Illini women’s tennis reflects on refreshing trips
June 19, 2020
As the 2017-2018 Illinois women’s tennis team approached an all-time high for the program, the players grew weary. By mid-March, Illinois had soared out to a 12-2 start, but it came at a cost due to their grueling schedule that included five top-25 teams, along with various tournaments, which often required playing three matches in the same weekend.
Although the team had an excellent record, the increasing fatigue quickly became clear after Illinois’ sloppy 4-3 home loss to Northwestern on March 2. With cracks beginning to form in the team’s foundation, head coach Evan Clark had planned the perfect antidote: a team trip.
As Illinois students went home for spring break, the tennis team boarded a plane bound for Hawaii. The team spent a week bonding and relaxing on beaches. They also had time to fit in a low-stakes 5-0 win over the University of Hawaii.
“I think that was a good break for us,” said Jaclyn Switkes, an Illinois graduate student who played a pivotal role on that team. “We’ve been playing (and) playing (and) playing and then we went to Hawaii. We spent a few days to relax. I think that was a good break for us, a well-deserved rest at mid-season.”
According to Switkes, the trip had an immeasurable impact on the team. During the season, tennis players normally have to spend their weeks focusing on doing everything they can to rest and prepare their bodies for their next match. The team trip provided Switkes an opportunity to break out of that cycle and reflect on her play to clear her head in a way she isn’t typically able to do.
After their trip to Hawaii, the Illini rattled off three straight victories, including two against Big Ten opponents.
Because team trips aid athletes physically and mentally, Illinois has made them common practice for the tennis team.
Typically, the team alternates between taking a preseason training trip and a spring break trip every year. The preseason trip can be important for transitioning younger players into the program, along with ensuring the players are in shape heading into the season.
Due to the younger nature of the roster this past season, Illinois opted to take the preseason trip.
“I think (the preseason training trip is) really important, especially given the years that we do it,” Clark said. “We had three freshmen this past year. I thought it was important to do that because they’re obviously younger and haven’t been around as much. Heading into their spring season, I think it’s important. For a veteran group, I don’t think it is as much, but when you have a young group I think it’s even more important.”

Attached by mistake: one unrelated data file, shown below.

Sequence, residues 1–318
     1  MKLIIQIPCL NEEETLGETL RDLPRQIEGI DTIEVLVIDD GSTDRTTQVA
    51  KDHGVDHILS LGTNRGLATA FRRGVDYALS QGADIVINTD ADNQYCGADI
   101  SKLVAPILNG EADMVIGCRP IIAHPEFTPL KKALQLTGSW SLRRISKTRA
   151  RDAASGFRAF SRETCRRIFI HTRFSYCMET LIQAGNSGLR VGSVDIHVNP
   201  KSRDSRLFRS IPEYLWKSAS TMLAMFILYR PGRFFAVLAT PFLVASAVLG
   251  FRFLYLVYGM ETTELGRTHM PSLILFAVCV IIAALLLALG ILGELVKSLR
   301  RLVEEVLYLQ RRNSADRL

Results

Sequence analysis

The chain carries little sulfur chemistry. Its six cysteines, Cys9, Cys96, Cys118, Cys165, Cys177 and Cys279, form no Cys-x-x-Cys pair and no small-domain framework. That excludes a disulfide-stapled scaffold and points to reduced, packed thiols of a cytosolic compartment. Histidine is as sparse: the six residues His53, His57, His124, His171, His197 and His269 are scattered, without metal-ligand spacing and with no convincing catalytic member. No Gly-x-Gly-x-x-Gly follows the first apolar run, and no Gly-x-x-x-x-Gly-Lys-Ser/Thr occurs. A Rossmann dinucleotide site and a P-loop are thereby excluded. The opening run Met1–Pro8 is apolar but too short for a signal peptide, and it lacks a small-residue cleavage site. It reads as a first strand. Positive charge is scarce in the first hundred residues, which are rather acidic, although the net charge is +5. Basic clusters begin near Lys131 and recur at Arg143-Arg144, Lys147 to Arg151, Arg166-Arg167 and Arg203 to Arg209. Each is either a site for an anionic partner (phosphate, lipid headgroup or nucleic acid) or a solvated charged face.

Although the tone of both the preseason and spring trips are similar in terms of fostering team chemistry, they usually differ in structure because, by spring break, the team is already in tennis shape and doesn’t need as much focus on intense workouts.
“It’s a little bit different,” Clark said. “There’s not as much training involved because we’ve already been training and usually we’re playing competition matches. We’re playing at least one or two real matches on those trips. It’s usually in March. In January when we get started we’re usually not playing another team. The whole point of it is to get out of Champaign and get someplace nice with a change of scenery and try to enjoy each other for a week.”
The spring break trip also has a crucial secondary benefit: preparing the team for outdoor tennis.
“Spring break is very common for midwestern and northern schools because they just don’t get to play outside tennis,” Clark said. “That’s the whole deal before spring break is that you’ve been indoors the whole year and so March comes around, you want to get outside and play outdoor tennis in hopes that the Big Ten schedule after you get back is going to be outside in March and April.”
The team typically goes to Florida for their preseason trip, although they have varied their spring break trips over the past few years, traveling to Hawaii, California and Orlando, Florida.
Given how effective team trips have been for the Illini, it’s no surprise they have become common practice within college tennis. According to Clark, trips are effective because tennis teams are small enough to easily travel and cultivate strong bonds among the entire team.
“It’s super important for every team,” Switkes said. “Any season that you’re having, just to have a few days or at least one weekend to just not play any matches and regroup mentally and physically because it’s very hard playing every weekend back to back.”